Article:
Some articles talk of the comet giving up its secret – namely the key to life on earth. In this context reference is made to the name for the spacecraft which is derived from the famous Rosetta Stone which “provided the key to the modern understanding of Egyptian hieroglyphs.”
Literary references are made to Close Encounter, The Hitchhikers Guide to the Galaxy, and, of course, Star Trek. Some, like Nautilus magazine on twitter, referred to a ‘new frontier’ (“The new frontier of space exploration, Comet 67P, has been reached by the @esa Rosetta craft. New TSS.”).
Potatoes, ducks and Klingon birds-of-prey
On twitter things were a bit different, especially as people began to tweet images of the oddly shaped comet. Some called it a ‘scientific Disneyland’, as Alasdair noted. Christopher Crockett tweeted about an observation made on an ESA blog: “But what about the surprising comet shape? Not the standard ‘potato’ that everyone was expecting – more like two potatoes stuck together, or even a duck.” He himself compared the comet to a Klingon bird-of-prey… Many tweeted about whether it was right to call the comet a rubber duck, as Ian Sample had done in a Guardian article (and many others too), or not. Jonathan Meyer tweeted: “Y’all saying #Rosetta looks like a duck have clearly never seen a duck.”
Coming to life
Some, like Paul Halpern, referred to literary representations of comets, by H. G. Wells for example: “What a wonderful thing it looked floating there” — HG Wells, In the Days of the Comet. This gave the story some historical and literary depth. Pallab Ghosh wrote about cultural connoations of comets: “The Earth will crack, there will be pestilence and fornication,. All because of #comets. Listen in http://bit.ly/1o9poS5″. He also used a different metaphor for the story of Rosetta’s pursuit and chase when he tweeted: “As #Rosetta approaches its comet are scientists capturing and pinning these fiery angels like butterflies on a board? http://bbc.in/1zSIZZx”.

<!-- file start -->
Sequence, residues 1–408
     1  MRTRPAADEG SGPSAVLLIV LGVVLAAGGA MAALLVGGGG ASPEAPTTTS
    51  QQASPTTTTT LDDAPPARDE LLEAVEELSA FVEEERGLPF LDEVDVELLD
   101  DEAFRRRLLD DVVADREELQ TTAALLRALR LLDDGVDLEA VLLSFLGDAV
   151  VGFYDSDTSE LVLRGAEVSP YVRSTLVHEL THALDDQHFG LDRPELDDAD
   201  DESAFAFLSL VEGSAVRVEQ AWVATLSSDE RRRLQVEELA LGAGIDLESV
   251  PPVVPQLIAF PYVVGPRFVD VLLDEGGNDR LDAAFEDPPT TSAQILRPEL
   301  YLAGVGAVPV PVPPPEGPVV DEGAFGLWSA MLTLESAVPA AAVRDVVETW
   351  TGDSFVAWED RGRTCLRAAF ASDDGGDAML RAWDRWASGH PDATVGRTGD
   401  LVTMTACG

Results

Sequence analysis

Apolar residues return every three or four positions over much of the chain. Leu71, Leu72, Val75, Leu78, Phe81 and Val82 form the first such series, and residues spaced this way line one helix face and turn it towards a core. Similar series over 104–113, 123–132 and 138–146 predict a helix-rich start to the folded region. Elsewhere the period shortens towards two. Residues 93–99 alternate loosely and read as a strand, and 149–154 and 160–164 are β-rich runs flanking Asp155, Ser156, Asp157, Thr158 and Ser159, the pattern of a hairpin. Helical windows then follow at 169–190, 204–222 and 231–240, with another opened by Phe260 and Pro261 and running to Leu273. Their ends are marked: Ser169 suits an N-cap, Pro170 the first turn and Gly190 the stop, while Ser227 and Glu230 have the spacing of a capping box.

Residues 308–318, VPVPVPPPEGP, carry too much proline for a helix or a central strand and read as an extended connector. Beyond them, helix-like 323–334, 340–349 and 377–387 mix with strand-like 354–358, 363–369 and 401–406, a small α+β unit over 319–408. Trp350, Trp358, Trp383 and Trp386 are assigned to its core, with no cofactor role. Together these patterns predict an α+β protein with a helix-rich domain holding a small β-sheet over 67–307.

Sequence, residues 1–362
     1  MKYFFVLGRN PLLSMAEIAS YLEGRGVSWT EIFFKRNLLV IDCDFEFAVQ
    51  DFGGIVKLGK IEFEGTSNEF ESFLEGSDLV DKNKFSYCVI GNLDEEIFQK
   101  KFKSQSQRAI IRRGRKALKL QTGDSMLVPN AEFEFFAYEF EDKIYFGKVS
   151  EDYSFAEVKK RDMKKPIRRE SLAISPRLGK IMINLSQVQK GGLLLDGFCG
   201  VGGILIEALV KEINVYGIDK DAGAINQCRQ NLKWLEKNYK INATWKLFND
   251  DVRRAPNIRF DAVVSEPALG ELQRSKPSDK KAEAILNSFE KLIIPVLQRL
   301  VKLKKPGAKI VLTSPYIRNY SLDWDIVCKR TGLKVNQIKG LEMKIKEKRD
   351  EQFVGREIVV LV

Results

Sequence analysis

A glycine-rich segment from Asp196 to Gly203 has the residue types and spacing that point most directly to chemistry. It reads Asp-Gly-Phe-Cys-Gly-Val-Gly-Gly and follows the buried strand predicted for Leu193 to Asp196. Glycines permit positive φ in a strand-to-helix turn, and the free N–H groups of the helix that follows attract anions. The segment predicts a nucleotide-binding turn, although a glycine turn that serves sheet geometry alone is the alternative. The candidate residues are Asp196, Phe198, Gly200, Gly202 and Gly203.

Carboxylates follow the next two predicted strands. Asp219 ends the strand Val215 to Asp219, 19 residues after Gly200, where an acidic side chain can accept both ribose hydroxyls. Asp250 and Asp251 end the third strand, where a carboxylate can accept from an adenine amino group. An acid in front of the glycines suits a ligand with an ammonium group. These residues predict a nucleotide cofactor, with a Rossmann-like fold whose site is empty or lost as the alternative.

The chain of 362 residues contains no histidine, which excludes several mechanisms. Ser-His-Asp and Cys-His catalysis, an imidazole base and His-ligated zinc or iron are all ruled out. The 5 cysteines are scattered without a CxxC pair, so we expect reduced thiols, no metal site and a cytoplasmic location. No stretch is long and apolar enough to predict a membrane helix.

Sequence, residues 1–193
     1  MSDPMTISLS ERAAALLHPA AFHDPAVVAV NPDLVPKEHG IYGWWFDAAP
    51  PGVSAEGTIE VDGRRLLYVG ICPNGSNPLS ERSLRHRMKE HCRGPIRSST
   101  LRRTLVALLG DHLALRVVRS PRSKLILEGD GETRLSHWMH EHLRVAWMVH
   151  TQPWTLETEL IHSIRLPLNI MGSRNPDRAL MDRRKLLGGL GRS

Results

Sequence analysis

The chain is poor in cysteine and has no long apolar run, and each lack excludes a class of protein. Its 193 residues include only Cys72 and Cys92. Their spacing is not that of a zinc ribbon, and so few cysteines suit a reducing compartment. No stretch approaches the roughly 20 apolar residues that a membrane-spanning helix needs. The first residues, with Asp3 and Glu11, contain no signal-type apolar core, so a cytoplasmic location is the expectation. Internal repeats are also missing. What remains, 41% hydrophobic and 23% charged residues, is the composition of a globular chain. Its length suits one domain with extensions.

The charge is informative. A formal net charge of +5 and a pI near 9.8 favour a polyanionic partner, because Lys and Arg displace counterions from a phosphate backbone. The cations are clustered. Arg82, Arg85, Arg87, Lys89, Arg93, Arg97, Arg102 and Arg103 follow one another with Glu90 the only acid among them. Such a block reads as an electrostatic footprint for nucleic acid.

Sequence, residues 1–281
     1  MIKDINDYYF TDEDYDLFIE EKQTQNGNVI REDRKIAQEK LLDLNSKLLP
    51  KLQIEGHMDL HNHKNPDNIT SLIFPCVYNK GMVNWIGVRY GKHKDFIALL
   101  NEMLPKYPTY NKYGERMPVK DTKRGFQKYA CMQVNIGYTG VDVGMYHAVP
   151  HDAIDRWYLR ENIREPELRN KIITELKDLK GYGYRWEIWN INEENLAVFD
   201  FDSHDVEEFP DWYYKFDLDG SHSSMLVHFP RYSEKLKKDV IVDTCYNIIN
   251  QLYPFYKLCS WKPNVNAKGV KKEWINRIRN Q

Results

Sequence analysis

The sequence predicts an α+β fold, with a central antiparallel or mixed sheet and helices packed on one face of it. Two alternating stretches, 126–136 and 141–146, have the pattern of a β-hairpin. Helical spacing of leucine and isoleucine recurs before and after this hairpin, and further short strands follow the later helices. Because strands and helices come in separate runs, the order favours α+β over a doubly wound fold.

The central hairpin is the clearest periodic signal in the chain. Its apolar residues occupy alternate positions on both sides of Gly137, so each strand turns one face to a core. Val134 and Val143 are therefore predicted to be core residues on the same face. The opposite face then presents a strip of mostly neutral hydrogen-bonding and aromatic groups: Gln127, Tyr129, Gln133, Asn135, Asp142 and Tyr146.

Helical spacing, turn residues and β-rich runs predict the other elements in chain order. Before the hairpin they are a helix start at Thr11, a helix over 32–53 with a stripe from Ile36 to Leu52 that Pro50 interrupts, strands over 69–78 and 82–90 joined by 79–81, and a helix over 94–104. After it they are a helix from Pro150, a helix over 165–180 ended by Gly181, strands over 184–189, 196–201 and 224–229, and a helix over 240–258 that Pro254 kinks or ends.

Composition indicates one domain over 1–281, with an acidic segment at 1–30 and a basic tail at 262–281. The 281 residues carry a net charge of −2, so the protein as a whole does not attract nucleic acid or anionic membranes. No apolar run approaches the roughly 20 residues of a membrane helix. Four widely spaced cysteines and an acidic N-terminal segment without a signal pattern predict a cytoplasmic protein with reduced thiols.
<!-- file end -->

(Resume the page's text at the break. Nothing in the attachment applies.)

In terms of ‘alien’ life, some saw the face of a man on the comet and some saw a cat (or even Elvis)! However, the duck seems to be winning out. Alex Parker tweeted: “As predicted by the Rubber Ducky Model, 3D images clearly reveal that
#Comet67P has a beak” (see here) (and as a duck). Alex also immortalised the comet, rather than Rosetta, as a Warhol inspired painting (see above!) So, together with the rubber duck epithet, Chury is beginning to steal the show from Rosetta in this celestial rendevouz and to be coming to life in our imaginations. We’ll have to wait until the end of this year in order to know whether there is more than metaphorical life on this comet!
Added 29 September, 2014: More info on the odd shape of the comet here: http://www.mps.mpg.de/3053813/Philae-Blog
Added 21 March 2015: Wonderful graphics of the dangers of landing on the rubber duck: http://www.nature.com/news/landing-on-a-comet-a-guide-to-rosetta-s-perilous-mission-1.16314
Now with added sci-fi! Ambition
Image by Alex_Parker Planetary astronomer at UC Berkeley, investigating the origin and history of the icy worlds at the edge of our solar system. Data visualization enthusiast.